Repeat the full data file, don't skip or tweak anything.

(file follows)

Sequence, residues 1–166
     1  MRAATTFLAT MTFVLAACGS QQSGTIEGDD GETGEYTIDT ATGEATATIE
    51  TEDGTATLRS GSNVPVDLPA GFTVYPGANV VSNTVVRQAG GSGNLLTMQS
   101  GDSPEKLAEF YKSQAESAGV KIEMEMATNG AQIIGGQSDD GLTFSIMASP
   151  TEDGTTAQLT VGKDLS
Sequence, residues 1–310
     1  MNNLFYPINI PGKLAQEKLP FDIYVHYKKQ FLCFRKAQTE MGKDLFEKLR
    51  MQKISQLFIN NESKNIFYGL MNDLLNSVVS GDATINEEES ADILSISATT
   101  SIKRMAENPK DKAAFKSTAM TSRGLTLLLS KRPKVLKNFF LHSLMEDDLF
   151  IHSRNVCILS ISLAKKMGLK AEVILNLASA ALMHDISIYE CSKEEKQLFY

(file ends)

Sequence, residues 1–166
     1  MRAATTFLAT MTFVLAACGS QQSGTIEGDD GETGEYTIDT ATGEATATIE
    51  TEDGTATLRS GSNVPVDLPA GFTVYPGANV VSNTVVRQAG GSGNLLTMQS
   101  GDSPEKLAEF YKSQAESAGV KIEMEMATNG AQIIGGQSDD GLTFSIMASP
   151  TEDGTTAQLT VGKDLS
Sequence, residues 1–310
     1  MNNLFYPINI PGKLAQEKLP FDIYVHYKKQ FLCFRKAQTE MGKDLFEKLR
    51  MQKISQLFIN NESKNIFYGL MNDLLNSVVS GDATINEEES ADILSISATT
   101  SIKRMAENPK DKAAFKSTAM TSRGLTLLLS KRPKVLKNFF LHSLMEDDLF
   151  IHSRNVCILS ISLAKKMGLK AEVILNLASA ALMHDISIYE CSKEEKQLFY